It is not, as might be supposed, an act of futility to abandon a project that has come to its own natural end. We do however, being creatures who contain within ourselves the sentiment of faithfulness and loyalty, that excite certain emotions of failure and betrayal when we find ourselves at a dead-end, tend towards feelings of guilt and regret as we strive to move into the requirements of our next project or adventure.
Generally speaking, we do not like a sudden end to a thing but prefer a slower exit that allows us to wallow for awhile in the left-overs of what once was dear or important to us.
But there are times when a sudden departure from a thing is the only way forward. Sometimes, whether it is ending an addiction that has been plaguing us, a love affair that is tearing at our souls or a system that is killing the spirit that drives us towards free, healthy and meaningful lives, sometimes, as it has been shown by those who have done it, that the sudden finality of the cold-turkey approach to what we are leaving behind is the surest and ultimately less painful and likewise most successful way to go.
But to focus for a moment on the more positive effects of the change that is undertaken. The sudden and true ending of the one thing then allows us to fully open the door that is bringing us to the path of our next thing be it a healthier life, new relationships or the rearraigning of a system that is broken beyond repair or usefulness. It is counter-productive to the addict, the broken-hearted or the revolutionary spirit to be clinging to that which we are no longer dedicated.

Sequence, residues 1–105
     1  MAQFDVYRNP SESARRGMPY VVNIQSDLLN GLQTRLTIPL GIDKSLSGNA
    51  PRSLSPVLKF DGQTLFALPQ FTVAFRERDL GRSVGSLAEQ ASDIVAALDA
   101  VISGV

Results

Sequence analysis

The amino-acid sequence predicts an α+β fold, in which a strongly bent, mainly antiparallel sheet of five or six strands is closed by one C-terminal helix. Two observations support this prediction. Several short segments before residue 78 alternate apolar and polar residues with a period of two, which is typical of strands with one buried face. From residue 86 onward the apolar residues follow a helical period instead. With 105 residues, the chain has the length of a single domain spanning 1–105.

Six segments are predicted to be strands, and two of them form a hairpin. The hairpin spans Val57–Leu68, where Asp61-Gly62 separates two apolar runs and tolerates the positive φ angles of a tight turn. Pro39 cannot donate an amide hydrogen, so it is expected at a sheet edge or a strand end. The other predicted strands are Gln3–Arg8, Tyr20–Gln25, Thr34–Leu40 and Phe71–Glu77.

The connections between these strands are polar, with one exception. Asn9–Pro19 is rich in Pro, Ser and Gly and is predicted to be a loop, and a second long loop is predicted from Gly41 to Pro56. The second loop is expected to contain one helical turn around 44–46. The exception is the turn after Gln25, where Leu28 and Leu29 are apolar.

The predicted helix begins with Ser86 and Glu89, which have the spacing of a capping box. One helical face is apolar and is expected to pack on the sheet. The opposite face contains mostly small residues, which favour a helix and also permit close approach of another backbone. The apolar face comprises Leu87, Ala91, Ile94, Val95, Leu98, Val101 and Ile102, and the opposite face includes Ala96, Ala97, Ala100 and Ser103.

For the addict it is pure folly to return to the vicinity of the dealer, for the lover it tastes of a betrayal of anyone who might arrive to offer us a new chance and the revolutionary simply has no time for the replay of energy spent uselessly towards someone else’s objectives.
There are those times, whether self-afflicted or brought on by outside forces when we must move-on, sink or swim as the saying goes and I do not wish it for you or myself or for the change that so many of us are so deeply longing to see, that we or that redemption that I am thinking of should sink away into the deep water.
As the Elders have taught us, let us be sure to jump into the river, heads-up, eyes open. Swim, dog-paddle, backstroke or float but above all, keep-going, make it to the shore ahead. There will be time for reflection then, once we have arrived, but I don’t think we’ll want to be spending too much time cuddling-up with the past, the present moment, there and then, will be enough.